The Day FIFA Lost its Soul

by Jeff Ballinger, Director of Press for Change and SDUSA member

The recent soccer ball report by ILRF made me angry – at myself.  Some of us have been very fortunate to have had the opportunity to work with groups of workers resisting corporate-dominated globalization and challenging the neo-lib/free trade orthodoxy; sometimes, it must be admitted, we mess up and a promising opportunity goes off the rails.  In cases like the soccer ball controversy in Pakistan, the workers may actually have ended up worse off after a well-intentioned intervention; we were too trusting and the unique circumstances of the case made it appear winnable.

Most rich-country consumers have a myopic view of ethical consumption; part of this mindset is that goods produced with child labor are far and away the chief wrong to be avoided.  But this classic form of exploitation has only a few manifestations in the modern, globalized production-for-export field.  What consumers must tune in to, rather, is the fact that millions of children are working in poor countries because the adults who are making our shoes, toys, apparel and electronics do not earn enough to pay modest school fees or provide a decent standard of living without the kids’ meager earnings from the informal sector – from hawking newspapers, delivering tea, domestic work and the like.  The urgent challenge of our young century is to popularize campaigns such as the new effort led by pro-worker groups for an Asia Floor Wage. The most bitter and intense struggle today is in Bangladesh where a new minimum wage is long overdue and the greedy apparel buyers – big brands from the U.S. and Europe –  are refusing to support the workers, even rhetorically (what they were shamed into doing in 2006).  Cambodian apparel workers, likewise, are trying to get beyond half-way to a living wage while encountering fierce opposition from industry executives and repressive tactics deployed by the Hun Sen regime.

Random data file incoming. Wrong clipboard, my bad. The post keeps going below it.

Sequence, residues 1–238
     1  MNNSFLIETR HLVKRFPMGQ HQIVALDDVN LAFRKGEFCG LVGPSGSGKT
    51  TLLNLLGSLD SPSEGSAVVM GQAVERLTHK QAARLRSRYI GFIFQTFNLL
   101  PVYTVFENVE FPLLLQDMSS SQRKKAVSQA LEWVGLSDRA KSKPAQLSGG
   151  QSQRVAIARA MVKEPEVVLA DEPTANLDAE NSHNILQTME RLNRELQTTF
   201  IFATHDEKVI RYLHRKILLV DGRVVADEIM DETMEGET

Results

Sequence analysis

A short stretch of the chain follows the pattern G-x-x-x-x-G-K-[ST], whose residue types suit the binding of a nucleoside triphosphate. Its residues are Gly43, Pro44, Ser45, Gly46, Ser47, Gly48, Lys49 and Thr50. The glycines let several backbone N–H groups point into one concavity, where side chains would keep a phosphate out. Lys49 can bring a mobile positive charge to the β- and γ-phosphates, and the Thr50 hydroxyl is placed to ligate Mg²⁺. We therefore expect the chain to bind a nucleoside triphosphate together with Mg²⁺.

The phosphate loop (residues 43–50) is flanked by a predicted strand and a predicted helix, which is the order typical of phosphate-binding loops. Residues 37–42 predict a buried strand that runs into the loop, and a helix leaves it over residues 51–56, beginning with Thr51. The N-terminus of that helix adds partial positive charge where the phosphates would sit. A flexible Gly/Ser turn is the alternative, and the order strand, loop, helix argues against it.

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ON THE MEDIA Fawns Over Sweatshop-Loving Kristof

This article by Jeff Ballinger is reprinted from the Huffington Post with Jeff’s permission.

On the Media with Brooke Gladstone in the anchor chair is always a good deal more than a diversion while cleaning the garage or running weekend errands; she explores many topics that are otherwise not covered, or didn’t even appear as problems, opportunities, &c. But, when you do an interview with someone like Nick Kristof — whose audience dwarfs your own — you ought to be especially prepared to “afflict the comfortable.” She needn’t have searched too long to find controversy in this man’s last decade of columns and, no, it is not because he practices “advocacy journalism” unless — and here’s the point — he’s advocating for sweatshops. Continue reading